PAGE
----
If a person is scuba diving and suffers a fatal heart attack will the body float up to the surface or sink to the bottom of the ocean?

If you are scuba diving and then suffered from a heart attack, initially your body would sink to the bottom due to the diving equipment, the weighted belt, and other items. After death as your body starts to decompose it would bloat, filling up with gases, and depending upon how heavy the equipment and the weight belt that you were wearing, this would most likely cause your body to float partway to the surface, or fully to the surface depnding upon if the gases released by your decomposing body are sufficent enough to counteract the weight of any and all scuba equipment you are wearing or carrying.

Do police officers have a certain physical requirement to meet for body size and weight?

Yes there are min height weight requirements

Can a helicopter in a body in the bottom of a lake?

A helicopter can't do that, but a diver can.

What is customary dose for certain body weight called?

Usual dose is the term refers to " customary dose for body weight." so Answer to Q. : it is called "Usual dose."

How much weights a scuba diver needs to dive in the ocean?

Weight needed for scuba divingThe less overweighted you are, the more control you'll have over your buoyancy and trim. Ideally you want just enough to sink at the END of your dive - so on the surface, with a (mostly) empty tank, no air in the BCD, and no air pockets in the wetsuit you should be able and easily descend. The fine-tuning is a judgment call. Some prefer to be able to just exhale and drop and carry an extra pound or so to do so. Others feel that not carrying the extra pound is worth possibly needing to do a surface dive to get down to a level where the wetsuit compresses enough to make you neutrally buoyant. Note that if you are too light you risk not being able to do a safety stop in shallow water with an almost empty tank. A full tank can be as much as 6 lbs heavier than an empty one.Depending on the tank, the suit you wear, and your body type, weights could range from 0 to 40 lbs of lead. A medium build person with a 5-7mm suit diving an aluminum 80 cf tank may average 20-25 lbs of lead in salt water. The difference between lead needed for salt or fresh water can be almost 6 lbs.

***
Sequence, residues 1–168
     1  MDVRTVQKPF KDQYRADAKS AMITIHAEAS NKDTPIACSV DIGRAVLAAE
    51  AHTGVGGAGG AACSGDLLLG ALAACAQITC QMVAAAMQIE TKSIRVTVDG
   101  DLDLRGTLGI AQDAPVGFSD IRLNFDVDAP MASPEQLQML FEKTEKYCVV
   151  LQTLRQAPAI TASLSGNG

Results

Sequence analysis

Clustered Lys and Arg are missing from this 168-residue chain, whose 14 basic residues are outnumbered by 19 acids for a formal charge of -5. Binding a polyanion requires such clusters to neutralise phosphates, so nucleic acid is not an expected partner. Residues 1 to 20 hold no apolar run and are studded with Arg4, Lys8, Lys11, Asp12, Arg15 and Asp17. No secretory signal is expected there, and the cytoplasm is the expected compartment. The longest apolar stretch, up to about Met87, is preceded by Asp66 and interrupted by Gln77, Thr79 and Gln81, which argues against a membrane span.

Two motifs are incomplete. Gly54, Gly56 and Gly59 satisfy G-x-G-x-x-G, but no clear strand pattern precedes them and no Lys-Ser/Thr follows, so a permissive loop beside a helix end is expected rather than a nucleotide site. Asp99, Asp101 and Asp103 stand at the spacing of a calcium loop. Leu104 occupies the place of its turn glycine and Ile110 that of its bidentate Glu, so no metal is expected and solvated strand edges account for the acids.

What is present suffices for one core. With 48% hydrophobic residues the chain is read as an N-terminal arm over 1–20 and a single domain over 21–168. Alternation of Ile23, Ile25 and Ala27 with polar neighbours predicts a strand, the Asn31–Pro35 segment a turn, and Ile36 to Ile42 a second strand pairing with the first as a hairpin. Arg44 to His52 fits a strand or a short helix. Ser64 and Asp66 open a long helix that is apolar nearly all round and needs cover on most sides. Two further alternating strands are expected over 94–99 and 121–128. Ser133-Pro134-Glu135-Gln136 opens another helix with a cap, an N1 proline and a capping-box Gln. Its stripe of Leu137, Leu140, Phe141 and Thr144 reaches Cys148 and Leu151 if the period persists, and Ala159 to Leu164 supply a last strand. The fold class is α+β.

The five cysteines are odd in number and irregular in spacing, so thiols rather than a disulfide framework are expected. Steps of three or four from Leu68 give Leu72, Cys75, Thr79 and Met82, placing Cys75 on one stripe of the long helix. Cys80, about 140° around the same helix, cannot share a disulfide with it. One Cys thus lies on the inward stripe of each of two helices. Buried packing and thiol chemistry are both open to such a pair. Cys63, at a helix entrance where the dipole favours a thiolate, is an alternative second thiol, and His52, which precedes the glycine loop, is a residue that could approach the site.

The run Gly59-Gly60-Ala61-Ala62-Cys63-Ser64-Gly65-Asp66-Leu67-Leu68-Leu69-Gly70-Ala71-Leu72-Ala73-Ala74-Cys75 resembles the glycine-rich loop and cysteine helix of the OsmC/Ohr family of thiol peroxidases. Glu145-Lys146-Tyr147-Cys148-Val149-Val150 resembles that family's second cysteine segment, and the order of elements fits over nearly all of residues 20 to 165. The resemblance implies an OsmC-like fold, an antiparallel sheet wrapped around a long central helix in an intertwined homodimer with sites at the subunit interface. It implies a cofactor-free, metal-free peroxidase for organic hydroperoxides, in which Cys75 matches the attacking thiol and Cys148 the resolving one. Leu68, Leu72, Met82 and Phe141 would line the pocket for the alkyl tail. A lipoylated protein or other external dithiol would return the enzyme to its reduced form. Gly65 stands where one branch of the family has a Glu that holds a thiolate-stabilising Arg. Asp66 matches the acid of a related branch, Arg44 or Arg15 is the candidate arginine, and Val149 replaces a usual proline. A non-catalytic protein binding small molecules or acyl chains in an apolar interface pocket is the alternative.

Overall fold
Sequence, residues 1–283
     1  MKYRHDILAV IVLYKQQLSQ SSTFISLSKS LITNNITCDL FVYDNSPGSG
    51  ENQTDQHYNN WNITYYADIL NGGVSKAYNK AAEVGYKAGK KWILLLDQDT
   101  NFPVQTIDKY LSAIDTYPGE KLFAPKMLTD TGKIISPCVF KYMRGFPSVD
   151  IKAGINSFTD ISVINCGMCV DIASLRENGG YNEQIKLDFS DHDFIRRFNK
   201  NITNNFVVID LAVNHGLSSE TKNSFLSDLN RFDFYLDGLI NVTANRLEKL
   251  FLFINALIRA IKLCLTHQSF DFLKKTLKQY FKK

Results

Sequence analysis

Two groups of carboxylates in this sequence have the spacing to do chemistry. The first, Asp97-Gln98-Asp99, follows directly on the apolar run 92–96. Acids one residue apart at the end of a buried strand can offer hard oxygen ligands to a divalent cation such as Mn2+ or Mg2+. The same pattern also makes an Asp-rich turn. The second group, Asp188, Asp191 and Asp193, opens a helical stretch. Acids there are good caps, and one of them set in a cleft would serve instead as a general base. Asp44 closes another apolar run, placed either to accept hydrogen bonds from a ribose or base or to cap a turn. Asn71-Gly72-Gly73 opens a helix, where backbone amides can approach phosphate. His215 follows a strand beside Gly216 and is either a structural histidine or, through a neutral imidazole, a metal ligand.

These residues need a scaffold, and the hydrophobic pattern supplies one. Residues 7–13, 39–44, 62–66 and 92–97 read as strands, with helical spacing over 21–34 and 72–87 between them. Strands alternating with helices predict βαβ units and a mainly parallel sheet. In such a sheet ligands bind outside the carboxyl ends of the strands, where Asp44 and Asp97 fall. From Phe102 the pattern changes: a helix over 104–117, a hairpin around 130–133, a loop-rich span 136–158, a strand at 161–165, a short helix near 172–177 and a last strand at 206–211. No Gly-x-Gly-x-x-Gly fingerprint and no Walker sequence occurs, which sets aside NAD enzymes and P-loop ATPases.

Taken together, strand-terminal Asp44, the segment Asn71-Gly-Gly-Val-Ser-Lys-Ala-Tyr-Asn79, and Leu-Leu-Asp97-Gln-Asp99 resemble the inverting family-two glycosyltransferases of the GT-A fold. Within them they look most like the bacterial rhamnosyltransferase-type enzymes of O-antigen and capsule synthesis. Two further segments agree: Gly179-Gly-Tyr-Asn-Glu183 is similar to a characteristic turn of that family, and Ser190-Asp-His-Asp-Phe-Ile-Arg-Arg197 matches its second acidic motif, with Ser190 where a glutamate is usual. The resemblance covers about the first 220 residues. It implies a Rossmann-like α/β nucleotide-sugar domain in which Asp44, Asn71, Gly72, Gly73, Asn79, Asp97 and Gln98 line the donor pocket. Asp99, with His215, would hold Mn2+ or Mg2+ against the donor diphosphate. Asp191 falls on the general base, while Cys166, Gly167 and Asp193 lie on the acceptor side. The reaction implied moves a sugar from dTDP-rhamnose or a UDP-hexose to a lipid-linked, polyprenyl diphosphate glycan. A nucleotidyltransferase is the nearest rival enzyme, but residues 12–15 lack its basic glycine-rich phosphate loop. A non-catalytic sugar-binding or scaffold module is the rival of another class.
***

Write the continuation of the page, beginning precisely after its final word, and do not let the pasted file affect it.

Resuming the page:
How does scuba gear work?

Scuba stands for Self Contained Underwater Breathing Apparatus. It uses two regulators, one on the bottle which takes the volume of compressed air to a manageable rate, then the second regulator takes the air to a breathable rate so the diver can breath the air comfortable. The other part of diving is a divers buoyancy. This is controlled by using a hose which comes from the first stage regulator into a vest called a B.C. (Buoyancy Compensator). The goal of this device is to get you, the diver as close as possible to becoming neutrally buoyant (you don't go up or down, you just stay in the middle). However once neutral buoyancy is achieved it can still be affected through your breathing rate. Gregory L. Las Vegas, NV (D.I.T.)